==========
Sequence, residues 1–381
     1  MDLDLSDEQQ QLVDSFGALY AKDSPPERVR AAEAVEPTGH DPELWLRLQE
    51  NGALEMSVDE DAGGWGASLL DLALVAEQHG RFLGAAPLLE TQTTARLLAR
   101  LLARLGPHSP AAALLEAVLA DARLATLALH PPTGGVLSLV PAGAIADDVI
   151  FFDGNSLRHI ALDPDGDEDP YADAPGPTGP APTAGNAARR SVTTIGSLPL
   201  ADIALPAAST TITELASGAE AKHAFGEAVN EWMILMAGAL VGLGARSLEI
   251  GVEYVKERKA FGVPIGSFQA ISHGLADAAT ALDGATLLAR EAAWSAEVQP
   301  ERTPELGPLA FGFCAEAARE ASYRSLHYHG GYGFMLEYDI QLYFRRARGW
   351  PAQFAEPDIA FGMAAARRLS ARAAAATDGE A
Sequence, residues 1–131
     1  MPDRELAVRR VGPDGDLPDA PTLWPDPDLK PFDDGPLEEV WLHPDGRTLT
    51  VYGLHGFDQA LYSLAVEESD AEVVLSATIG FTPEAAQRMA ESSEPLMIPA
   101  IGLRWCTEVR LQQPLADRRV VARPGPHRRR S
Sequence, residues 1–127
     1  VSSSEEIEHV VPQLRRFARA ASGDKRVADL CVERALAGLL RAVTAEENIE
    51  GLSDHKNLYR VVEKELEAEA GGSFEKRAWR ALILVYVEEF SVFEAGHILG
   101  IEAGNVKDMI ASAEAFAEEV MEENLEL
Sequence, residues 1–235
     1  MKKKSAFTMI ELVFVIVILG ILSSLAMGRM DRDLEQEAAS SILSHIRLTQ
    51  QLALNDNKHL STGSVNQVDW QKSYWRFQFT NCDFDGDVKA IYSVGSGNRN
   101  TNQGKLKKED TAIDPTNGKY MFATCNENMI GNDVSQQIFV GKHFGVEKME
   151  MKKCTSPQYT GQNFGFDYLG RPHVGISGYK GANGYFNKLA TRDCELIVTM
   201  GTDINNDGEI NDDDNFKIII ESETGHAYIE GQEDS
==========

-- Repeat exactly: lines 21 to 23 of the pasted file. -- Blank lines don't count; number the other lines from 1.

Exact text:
   101  TNQGKLKKED TAIDPTNGKY MFATCNENMI GNDVSQQIFV GKHFGVEKME
   151  MKKCTSPQYT GQNFGFDYLG RPHVGISGYK GANGYFNKLA TRDCELIVTM
   201  GTDINNDGEI NDDDNFKIII ESETGHAYIE GQEDS